I was born, in 1916, in a smallish country town halfway between Arnhem and the German border. My father, the local notary public, was a widely read man, with an enquiring and philosophical mind. Although the son of a Lutheran minister, he rarely went to church, and like so many people, always chose Christmas, and especially New Year’s Eve for this.
My mother, a regular churchgoer, and member of the largest Protestant group in Holland which was generally fairly liberal, assumed the responsibility for the religious upbringing of our family. I often annoyed her by demanding exact answers for my many questions about things in the Bible, ever asking, “Is it true?” She always replied that there are many ways in which people express their ideas about what is true. (I felt then, and think now, that this is only half a ‘true’ answer!) My mother was always disturbed about the way the Protestant ministers, on 31 October, Martin Luther Day, hacked away at the Catholic Church. She was basically a bridge builder, looking for the best in all people, and she, too, was very widely read.
I retain memories of the many occasions when the church singing, with its difficult melodies for the hymns and psalms did not go well, with the organ frantically trying to pull the congregation along. Nevertheless, my mother, who was completely unmusical, found the communal singing a great participating experience. (All re-echoed for me in our efforts to do justice to our Humanist ‘Die Gedanken sind frei’ song.) Since experience and emotion, rather than philosophical contemplation, seem to dominate my personality, I can still relive, and thrill to, the wonderful sounds of the heavy church bells, on the day prior to the great church festivals, ringing for ten minutes at noon.
My career in the merchant navy brought me into contact with decidedly unreligious ways of thinking – although, today, I find the old royal navy rule that my naval college observed, of one minute’s silence before meals, a lot more commendable than our current prayers before Parliamentary sessions.
During World War Two, when German forces occupied the Netherlands for five years, the idea of a God became less and less relevant in my life – Yet I found that the churches and their people did great humanitarian work, helping to get food to the starving people in the west. As people of all persuasions participated in this humanitarian work, it became clear to me that religion had little to do with it all. There was a general response to the need to help in situations of utter misery.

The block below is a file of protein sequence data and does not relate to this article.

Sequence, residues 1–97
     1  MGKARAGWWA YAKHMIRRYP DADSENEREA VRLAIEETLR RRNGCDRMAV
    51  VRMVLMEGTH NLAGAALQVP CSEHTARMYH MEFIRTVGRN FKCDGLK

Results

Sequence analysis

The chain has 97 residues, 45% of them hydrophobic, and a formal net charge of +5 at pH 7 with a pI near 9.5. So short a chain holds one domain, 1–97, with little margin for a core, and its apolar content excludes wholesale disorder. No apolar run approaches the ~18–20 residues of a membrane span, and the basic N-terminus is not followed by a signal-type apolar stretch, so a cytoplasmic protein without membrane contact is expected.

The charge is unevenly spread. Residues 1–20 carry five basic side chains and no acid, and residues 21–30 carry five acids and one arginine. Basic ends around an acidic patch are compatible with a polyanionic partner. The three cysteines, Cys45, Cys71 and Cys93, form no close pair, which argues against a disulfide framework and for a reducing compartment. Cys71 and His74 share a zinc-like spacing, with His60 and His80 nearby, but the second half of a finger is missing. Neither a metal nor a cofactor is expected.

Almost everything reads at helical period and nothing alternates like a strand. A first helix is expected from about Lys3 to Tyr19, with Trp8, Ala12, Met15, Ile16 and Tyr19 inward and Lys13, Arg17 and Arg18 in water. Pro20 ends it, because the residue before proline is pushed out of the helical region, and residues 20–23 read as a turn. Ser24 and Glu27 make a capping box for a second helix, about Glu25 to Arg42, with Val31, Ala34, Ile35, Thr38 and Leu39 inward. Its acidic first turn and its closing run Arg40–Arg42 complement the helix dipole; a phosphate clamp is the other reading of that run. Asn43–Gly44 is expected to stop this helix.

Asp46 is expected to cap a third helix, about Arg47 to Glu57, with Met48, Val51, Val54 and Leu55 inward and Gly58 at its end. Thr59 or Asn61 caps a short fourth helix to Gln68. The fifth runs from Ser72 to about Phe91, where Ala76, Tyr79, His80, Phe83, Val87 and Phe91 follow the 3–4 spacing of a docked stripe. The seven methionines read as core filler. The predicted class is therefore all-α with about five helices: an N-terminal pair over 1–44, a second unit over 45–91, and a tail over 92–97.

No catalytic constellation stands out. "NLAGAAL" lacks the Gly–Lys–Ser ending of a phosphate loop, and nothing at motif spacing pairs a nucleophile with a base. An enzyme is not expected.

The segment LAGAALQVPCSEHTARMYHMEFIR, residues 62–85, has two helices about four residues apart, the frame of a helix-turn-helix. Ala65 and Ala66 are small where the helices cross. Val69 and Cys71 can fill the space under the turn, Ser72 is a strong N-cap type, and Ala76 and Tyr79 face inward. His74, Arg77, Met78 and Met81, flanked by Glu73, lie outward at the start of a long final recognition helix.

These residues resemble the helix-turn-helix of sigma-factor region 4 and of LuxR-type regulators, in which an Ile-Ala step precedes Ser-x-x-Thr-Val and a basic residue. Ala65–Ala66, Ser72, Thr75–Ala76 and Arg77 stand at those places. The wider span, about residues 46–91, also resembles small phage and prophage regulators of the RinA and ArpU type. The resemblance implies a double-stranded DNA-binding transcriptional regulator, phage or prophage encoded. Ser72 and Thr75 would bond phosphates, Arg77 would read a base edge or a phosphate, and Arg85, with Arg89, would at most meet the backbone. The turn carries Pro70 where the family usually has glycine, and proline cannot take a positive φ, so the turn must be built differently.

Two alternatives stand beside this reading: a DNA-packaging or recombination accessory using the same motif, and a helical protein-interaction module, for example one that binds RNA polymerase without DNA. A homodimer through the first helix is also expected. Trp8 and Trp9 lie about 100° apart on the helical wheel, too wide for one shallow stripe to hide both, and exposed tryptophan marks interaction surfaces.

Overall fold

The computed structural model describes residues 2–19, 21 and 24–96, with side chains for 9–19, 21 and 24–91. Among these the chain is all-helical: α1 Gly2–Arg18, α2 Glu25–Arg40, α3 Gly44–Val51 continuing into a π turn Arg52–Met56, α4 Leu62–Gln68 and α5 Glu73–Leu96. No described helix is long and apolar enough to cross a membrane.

Like hundreds of Dutch people I tried to escape the German occupation, (in a very small sailing dingy) caught by a storm, and spent two -years in a German prison. There I met some wonderful, and some awful, people – some very religious, and some athiestic. Although hard work and an empty stomach don?t encourage great thinking processes, I slowly came to see that God was not what I had earlier thought ‘He’ was. Near the end of my two years, when I was pretty low and the real war noises were coming horribly close, I somehow experienced a great feeling of mental quietness. Later on, when thinking again became possible, I realised that this state, which some would have associated with God, was my nature and body’s way of dealing with the situation.
Following my release, I slowly developed into a budding Humanist. From very close quarters I witnessed the revival of organised freethought in Holland, as a very small group of dedicated people, one of them my aunt, founded the Dutch Humanist.Society in 1946. For me, then, this movement was too intellectual and I took no part, as the job of rebuilding my own life was too demanding.
Since my immigration to New Zealand in 1952 I have watched the enormous progress made by Humanism in the Netherlands. It took tremendous effort and dedication against strong resistance, but Humanism there is now a universally respected lifestance, fully established in Dutch society alongside the churches in the various kinds of recognition given to them, in opportunities and funding.. I joined the Wellington Branch of The Zealand Humanist Society, as soon as I realised its existence, and continue to talk of our Humanist principles wherever I can, to increase awareness among the people I meet. I feel it will be a long while before Humanists here have anything like the impact that Humanists have in the Netherlands, and the situation is very different. But each time my lifestance is ignored or undervalued, I determine to go on pressing for freedom from religion, and our HSNZ is our best avenue through which to do this.
Willem (Bill) van Gorkom is a member of the Humanist Society in Taranaki and was formerly a Wellington member.